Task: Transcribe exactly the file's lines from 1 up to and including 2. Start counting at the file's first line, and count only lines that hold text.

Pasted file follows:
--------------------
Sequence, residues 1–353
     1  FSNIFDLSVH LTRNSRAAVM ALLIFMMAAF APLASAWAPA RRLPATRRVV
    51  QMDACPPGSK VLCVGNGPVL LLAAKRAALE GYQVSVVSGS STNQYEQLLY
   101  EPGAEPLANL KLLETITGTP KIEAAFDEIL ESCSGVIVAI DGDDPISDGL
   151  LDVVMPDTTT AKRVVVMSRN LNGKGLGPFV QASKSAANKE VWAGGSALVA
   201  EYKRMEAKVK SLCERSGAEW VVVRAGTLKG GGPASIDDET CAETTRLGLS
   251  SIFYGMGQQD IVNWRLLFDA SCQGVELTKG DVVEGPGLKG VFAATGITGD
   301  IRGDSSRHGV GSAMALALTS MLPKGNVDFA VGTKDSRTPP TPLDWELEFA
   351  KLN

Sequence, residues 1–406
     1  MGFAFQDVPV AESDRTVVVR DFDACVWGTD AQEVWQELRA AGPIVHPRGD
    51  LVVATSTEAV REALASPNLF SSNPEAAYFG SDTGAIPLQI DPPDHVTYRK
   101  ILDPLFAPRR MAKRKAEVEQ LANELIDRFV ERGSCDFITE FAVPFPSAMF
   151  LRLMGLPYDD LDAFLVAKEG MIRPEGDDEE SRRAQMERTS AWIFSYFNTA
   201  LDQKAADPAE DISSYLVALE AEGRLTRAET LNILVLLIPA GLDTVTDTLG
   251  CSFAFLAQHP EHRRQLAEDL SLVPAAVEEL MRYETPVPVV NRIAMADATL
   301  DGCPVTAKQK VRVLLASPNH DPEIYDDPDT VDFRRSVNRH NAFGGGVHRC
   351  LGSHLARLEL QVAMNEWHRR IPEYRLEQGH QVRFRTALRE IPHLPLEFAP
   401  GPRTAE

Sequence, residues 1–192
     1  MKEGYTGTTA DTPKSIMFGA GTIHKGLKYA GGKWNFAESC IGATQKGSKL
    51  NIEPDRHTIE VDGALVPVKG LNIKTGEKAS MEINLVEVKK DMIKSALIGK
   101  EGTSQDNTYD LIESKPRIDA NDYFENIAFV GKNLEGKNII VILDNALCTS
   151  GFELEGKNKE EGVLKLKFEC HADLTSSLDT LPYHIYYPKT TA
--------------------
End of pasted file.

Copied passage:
Sequence, residues 1–353
     1  FSNIFDLSVH LTRNSRAAVM ALLIFMMAAF APLASAWAPA RRLPATRRVV